I wrote a couple of months back about the inaugural Blackbutt parkrun being staged through Blackbutt Reserve.

And the weekend before last I finally got the chance to give it a go myself.

In case you haven’t heard of parkruns, they are a brilliant community-orientated initiative with the sole purpose of getting people active.

They are held Saturdays at 8am around the country, involve participants running or walking five kilometres and the best part is they are free.

I had previously ran the Newy parkrun, which is a totally flat course around Carrington, but I was slightly nervous about the ‘undulating’ Blackbutt course I had heard about. Organisers were marketing it as the hilliest parkrun course around.

But I was pleasantly surprised to discover the hills weren’t as unforgiving as I had prepared myself for – I thought it was going to be another Heartbreak Hill scenario. It is a hilly and challenging course but the great thing about Blackbutt parkrun ( is you also get lots of flat sections interspersed to give you recoveries.

I was also pleasantly surprised to see around 170 people gathering in Richley Reserve for the event, which is a great achievement considering the Blackbutt event is so new to the parkrun calendar.

There were people of all ages and fitness levels. Families turned up with prams and strollers and it was great to see so many young ones on the course – not so great to see them storming past me up some of those hills, but great nonetheless!!

parkruns, well the two I have done, are very social as well with lots of people giving you encouragement along the way. And Blackbutt is such a beautiful place to stage it – you run past the kangaroo enclosure and the emus and I reckon it would be hard to find a more pleasant course.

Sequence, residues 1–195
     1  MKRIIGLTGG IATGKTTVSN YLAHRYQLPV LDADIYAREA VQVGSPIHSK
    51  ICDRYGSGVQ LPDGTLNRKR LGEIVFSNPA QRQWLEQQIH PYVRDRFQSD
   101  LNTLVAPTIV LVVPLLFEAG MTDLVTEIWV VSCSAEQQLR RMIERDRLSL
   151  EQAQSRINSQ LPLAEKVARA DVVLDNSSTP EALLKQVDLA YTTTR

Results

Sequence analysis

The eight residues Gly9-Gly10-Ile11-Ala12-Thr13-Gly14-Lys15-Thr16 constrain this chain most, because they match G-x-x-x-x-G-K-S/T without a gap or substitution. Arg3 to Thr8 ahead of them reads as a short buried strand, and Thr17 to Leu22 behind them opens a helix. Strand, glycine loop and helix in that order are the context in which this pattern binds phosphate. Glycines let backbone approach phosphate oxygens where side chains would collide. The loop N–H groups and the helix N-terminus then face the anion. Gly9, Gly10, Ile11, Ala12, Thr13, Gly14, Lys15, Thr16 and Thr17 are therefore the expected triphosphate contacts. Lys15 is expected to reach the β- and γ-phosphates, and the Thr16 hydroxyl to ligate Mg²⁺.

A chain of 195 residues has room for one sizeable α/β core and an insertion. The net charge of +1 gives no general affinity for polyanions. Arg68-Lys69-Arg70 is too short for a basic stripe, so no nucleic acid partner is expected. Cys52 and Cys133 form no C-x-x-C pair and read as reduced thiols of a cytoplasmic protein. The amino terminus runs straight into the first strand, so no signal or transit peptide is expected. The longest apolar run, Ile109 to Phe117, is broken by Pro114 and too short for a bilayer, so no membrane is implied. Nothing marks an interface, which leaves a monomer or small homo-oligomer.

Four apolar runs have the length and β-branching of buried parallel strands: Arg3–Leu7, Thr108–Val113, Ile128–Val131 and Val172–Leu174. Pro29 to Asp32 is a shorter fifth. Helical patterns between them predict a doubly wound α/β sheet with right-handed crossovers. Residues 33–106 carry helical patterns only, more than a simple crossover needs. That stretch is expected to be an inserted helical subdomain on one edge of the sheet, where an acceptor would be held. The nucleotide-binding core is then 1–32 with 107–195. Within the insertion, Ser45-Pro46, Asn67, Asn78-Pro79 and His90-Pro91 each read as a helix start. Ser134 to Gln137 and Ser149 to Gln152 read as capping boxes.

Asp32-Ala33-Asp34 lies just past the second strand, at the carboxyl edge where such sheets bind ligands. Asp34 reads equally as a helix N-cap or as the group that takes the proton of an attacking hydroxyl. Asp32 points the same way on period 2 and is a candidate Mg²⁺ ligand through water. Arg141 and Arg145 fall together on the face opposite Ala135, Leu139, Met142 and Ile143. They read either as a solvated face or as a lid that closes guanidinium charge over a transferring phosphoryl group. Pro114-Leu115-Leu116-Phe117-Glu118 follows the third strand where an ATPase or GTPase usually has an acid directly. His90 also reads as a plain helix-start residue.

Hill running or walking is an excellent way to improve strength and cardiovascular fitness. And the really great thing about hill training is when you eventually go back to flat running it seems so much easier.

The start time of 8am is perfect – not too early but early enough that you’ve got your exercise out of the way and your day still free.

parkruns rely on volunteers and the Relay For Life people were lending a hand at the one I attended.

Relay For Life is an overnight, community event where teams participate in a relay-style walk or run to raise funds for the Cancer Council and there will be one staged at Glendale on November 2. The organisers said the event will be held at midnight because ‘cancer doesn’t sleep’, which seemed quite poignant to me. You can find out more then click on ‘Find A Relay’.

There are some other great community sporting challenges coming up, including the Fernleigh 15 on October 20 and RunNewcastle on November 10, and plenty of reasons to get moving.

So get out there and give something a go.


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